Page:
Related Fact Sheet: In March 2022, the Centers for Medicaid and Medicare made $110 million available to assist states and territories that do not have MFP programs. This money will help states prepare to launch their MFP program. Each new state or territory can receive up to $5 million. The following fact sheet created by the Community Living Policy Center, Reducing Costs for Families and States by Increasing Access to Home and Community-Based Services Factsheet, lays out “$110 million reasons” why a state should apply for MFP funding. If you live in AL, AZ, FL, IL, KS, MI, MS, NE, NH, NM, OR, UT, VA, WY, CNMI, Guam, American Samoa, Puerto Rico, or the U.S. Virgin Islands, consider using this fact sheet to get the word out and advocate with your state!
PHE Potpourri: Materials for the Public Health Emergency (PHE) Unwinding
Important NOTE: The Public Health Emergency (PHE) is scheduled to end on July 17. At the last extension of the PHE, HRSA Secretary Becerra indicated that the administration would give 60 days notice prior to that date confirming the ending. May 16 was that 60-day mark and no notice was given. This signals a likely extension of the PHE to the fall amidst rising COVID cases nationally.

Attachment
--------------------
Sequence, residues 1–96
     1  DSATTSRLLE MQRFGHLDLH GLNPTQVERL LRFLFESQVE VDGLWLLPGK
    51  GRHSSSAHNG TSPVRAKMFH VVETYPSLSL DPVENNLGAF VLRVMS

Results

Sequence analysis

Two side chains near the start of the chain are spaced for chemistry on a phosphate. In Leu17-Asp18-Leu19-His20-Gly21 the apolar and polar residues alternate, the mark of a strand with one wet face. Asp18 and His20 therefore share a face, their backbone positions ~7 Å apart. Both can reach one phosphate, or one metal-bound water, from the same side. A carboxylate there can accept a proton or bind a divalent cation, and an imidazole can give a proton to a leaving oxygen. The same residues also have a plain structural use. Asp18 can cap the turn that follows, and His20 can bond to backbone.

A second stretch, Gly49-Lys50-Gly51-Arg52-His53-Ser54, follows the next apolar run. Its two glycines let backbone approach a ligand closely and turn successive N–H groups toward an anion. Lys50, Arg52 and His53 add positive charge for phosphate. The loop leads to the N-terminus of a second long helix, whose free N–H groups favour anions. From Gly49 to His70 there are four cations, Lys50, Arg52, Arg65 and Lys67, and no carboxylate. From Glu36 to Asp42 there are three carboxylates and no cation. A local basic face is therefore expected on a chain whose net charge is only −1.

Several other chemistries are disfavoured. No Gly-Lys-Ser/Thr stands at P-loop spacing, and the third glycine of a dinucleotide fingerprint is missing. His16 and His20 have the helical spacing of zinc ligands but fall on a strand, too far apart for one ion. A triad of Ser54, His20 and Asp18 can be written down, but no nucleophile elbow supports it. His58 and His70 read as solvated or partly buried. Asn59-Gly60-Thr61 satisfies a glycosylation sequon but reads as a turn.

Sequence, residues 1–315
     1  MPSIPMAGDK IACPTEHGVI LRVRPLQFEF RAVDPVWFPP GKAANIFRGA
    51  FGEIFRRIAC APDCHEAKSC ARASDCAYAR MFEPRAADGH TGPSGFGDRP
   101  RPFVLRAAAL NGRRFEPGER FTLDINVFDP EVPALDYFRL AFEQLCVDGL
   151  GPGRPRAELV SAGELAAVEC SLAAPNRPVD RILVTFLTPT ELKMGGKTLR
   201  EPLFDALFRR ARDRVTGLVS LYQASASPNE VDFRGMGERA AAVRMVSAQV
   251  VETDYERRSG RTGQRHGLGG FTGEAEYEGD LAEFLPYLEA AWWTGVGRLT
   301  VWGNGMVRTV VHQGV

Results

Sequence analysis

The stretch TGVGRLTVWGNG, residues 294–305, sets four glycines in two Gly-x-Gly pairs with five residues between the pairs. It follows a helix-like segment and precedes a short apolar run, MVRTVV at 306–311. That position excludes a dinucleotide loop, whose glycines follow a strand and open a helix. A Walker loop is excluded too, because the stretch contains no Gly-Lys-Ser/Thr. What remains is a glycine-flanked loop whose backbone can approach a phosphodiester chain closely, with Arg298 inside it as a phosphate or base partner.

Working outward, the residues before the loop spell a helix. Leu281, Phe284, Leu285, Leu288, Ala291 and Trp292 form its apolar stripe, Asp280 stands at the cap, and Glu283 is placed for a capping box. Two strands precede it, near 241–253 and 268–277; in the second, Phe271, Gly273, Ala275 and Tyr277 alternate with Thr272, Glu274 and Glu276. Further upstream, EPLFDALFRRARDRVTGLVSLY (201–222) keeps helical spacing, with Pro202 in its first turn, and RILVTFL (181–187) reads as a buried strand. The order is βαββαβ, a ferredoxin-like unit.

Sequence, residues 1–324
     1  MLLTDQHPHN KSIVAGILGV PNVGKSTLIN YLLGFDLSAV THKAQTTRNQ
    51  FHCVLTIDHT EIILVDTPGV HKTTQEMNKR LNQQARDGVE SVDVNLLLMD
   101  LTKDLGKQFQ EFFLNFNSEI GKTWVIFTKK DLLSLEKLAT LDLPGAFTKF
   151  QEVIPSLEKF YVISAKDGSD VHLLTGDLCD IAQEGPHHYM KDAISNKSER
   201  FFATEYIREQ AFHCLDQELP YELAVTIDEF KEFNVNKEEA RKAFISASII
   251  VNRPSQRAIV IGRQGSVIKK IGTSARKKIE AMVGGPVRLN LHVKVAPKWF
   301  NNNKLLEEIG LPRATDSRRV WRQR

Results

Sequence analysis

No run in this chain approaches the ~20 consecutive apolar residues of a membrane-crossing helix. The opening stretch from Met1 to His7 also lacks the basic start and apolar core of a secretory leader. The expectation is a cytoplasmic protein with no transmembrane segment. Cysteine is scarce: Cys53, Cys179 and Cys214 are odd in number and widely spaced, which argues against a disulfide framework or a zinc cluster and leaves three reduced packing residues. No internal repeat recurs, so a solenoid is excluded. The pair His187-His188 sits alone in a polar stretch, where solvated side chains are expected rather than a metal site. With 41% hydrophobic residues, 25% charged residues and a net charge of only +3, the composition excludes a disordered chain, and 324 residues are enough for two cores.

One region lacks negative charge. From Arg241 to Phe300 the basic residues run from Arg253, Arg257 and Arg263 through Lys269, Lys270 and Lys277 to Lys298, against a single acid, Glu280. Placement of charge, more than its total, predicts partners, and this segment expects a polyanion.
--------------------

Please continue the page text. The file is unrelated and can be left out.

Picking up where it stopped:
From the AAP and Georgetown CCF
An Op-Ed and blog post focused on the benefits of Medicaid continuous eligibility for children and urging the Biden Administration to extend the PHE. Here are some related social media messages to consider posting on this topic.
From the Kaiser Family Foundation (KFF)
Between 5.3 million and 14.2 million people could lose Medicaid coverage following the end of the public health emergency and federal continuous enrollment requirement. In a new analysis, KFF experts examine two scenarios of how it could play out. A second analysis examines typical Medicaid enrollment patterns before the pandemic.
KFF finds that states will have spent $47.2 billion to handle Medicaid enrollment growth during the pandemic -- and will have received more than twice that in enhanced Medicaid matching money designed to provide states with broad fiscal relief.
It’s all part of KFF’s continuing work examining the implications as the end of the federally-declared public health emergency is on the horizon. See two pieces from KHN about the millions who could lose coverage. Also noteworthy is their brief overview of the major health-related COVID-19 federal emergency declarations that have been made, and the implications for cost, health coverage, and access to care once they come to an end. Much of KFF's work on the topic is collected on their resource page about the implications of ending the public health emergency.
From State Health and Value Strategies
This page provides communications resources designed to support states as they prepare for the various stages of work needed to inform stakeholders and consumers about the upcoming end of the Medicaid continuous coverage requirement. The page shares information with states on how to develop communication plans and messaging templates in several languages.